Von Evan E. Fusco MD - Veröffentlicht auf
Format:Kindle Edition|Verifizierter Kauf
I love Bill Bryson, have read most of his books and am actively trying to finish reading his others. So, I eagerly downloaded Seeing Further as soon as it came out eagerly anticipating Bryson's wit and writing style....and was disappointed quickly.

The intro is by Bryson, but not anything particularly witty.

But, I'd purchased the book, I like sciency stuff and was interested in learning more about the Royal Society, so I persevered.

And, ultimately, I'm glad I did. It's a nice updated on the current state of science in the world. There are discussions of String Theory as well as updates on evolution concepts. There are interesting discussions of dead scientists as well as living ones. All the various vignettes are written by scientists and/or science writers, therefore the quality of the various stories vary depending upon whether the writer is more writer or more scientist.

All in all it's a worthwhile science book. But it isn't a Bryson book by any means.
51 von 54 Kunden fanden die folgende Rezension hilfreich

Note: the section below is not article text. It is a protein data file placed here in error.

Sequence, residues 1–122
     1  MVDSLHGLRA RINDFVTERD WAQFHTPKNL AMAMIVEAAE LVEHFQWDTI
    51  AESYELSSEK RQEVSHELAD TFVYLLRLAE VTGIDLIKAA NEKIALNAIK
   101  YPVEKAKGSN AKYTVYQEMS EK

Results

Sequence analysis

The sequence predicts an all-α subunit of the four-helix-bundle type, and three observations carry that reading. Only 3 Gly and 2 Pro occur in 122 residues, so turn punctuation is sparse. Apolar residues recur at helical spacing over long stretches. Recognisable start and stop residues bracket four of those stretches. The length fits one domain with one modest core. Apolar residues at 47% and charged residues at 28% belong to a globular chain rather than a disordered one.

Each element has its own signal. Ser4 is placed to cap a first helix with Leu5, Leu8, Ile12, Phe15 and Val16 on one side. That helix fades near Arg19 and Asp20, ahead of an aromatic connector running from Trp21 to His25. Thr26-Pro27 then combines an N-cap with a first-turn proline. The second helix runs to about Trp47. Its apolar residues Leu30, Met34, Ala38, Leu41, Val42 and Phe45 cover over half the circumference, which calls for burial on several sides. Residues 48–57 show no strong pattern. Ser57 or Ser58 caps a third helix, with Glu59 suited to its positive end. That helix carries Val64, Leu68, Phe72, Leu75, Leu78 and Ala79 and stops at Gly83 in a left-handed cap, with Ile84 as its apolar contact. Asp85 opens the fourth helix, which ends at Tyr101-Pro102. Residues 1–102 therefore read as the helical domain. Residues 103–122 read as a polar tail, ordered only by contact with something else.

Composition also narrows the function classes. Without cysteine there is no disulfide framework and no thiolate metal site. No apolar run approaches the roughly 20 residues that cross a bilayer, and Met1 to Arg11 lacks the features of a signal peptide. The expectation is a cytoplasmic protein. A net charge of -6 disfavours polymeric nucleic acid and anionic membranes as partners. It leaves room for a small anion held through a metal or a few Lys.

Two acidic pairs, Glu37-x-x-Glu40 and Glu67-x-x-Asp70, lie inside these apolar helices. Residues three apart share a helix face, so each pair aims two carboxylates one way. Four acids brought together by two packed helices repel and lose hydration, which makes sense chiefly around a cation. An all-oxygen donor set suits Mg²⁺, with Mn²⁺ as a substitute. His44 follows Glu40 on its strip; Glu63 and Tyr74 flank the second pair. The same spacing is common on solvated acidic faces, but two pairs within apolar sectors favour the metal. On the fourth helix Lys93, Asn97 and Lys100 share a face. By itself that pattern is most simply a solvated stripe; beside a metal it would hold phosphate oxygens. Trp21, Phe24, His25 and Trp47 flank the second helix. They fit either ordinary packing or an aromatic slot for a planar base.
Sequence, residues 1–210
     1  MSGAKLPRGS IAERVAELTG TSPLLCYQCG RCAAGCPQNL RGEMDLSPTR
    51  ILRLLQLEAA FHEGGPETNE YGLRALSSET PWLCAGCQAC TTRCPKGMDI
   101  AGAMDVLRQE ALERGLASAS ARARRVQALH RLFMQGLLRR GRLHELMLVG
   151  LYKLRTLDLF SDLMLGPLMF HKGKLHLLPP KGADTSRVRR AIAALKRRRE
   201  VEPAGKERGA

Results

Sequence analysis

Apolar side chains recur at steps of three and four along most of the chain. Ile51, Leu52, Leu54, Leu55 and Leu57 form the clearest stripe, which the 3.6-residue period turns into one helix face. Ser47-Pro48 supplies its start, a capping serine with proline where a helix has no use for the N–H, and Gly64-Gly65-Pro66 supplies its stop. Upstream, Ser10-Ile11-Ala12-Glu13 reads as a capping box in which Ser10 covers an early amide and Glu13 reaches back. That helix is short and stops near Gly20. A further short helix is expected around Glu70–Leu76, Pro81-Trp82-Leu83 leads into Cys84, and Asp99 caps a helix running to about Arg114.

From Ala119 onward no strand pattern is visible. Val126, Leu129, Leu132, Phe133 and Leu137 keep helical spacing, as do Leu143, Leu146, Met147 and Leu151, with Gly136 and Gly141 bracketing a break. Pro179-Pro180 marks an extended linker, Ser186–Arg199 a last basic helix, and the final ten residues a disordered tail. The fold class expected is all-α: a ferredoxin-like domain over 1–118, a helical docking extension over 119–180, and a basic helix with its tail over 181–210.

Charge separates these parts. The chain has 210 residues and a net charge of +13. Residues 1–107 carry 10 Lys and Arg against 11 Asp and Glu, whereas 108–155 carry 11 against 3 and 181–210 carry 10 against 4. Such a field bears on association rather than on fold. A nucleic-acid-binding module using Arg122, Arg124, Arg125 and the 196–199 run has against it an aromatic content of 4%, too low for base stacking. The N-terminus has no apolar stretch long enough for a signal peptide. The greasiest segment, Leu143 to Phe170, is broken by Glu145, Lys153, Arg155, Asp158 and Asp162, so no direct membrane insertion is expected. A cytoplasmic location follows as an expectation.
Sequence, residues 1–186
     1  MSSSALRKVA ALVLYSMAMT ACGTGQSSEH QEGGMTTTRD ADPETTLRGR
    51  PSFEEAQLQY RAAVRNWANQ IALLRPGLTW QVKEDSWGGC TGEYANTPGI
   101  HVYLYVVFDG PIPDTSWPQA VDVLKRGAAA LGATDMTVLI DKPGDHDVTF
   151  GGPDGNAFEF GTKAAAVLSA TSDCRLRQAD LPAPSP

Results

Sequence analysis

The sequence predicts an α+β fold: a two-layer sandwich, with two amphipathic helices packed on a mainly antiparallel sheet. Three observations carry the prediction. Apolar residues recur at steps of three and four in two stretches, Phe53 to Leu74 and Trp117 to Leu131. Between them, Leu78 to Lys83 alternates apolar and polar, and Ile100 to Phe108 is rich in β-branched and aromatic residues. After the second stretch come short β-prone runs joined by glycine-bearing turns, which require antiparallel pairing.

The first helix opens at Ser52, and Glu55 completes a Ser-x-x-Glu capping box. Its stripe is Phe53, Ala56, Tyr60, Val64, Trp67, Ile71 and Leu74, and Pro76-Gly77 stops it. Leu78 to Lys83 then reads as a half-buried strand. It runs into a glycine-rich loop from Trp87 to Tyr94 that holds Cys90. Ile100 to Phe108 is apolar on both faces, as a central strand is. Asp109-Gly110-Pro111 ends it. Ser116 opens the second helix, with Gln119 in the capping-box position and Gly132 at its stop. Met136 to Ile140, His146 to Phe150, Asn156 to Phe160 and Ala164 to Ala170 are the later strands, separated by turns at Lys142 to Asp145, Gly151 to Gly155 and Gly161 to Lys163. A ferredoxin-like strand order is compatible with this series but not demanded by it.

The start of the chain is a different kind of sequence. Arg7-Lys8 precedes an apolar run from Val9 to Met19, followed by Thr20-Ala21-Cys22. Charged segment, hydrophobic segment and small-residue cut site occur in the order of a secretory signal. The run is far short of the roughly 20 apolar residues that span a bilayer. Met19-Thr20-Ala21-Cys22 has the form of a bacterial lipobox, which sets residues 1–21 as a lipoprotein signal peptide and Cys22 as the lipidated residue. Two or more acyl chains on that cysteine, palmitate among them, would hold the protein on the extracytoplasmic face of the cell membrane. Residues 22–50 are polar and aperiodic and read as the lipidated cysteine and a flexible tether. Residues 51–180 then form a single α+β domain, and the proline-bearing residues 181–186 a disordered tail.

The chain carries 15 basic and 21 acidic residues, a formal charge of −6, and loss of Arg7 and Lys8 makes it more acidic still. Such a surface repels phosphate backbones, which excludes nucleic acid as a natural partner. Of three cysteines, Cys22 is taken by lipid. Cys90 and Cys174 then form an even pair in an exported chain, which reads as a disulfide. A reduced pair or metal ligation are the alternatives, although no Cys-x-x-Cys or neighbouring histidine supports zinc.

5.0 von 5 Sternen Bryson Demonstrates a Consistent Level of Excellence that Even Great Writers Don't Seem to Aspire to - Five Stars !!!! 21. Dezember 2010
Von Richad of Connecticut - Veröffentlicht auf
Format:Gebundene Ausgabe
Bill Bryson's latest book is the story of the founding of the Royal Society of London, a unique group if there ever was one. Founded in 1660, it has done more to advance science than any other institution in the world including all the great English universities, including the great German institutions of the late 19th and early 20th centuries where so much applied science was achieved, and including our finest schools in the early part of this century.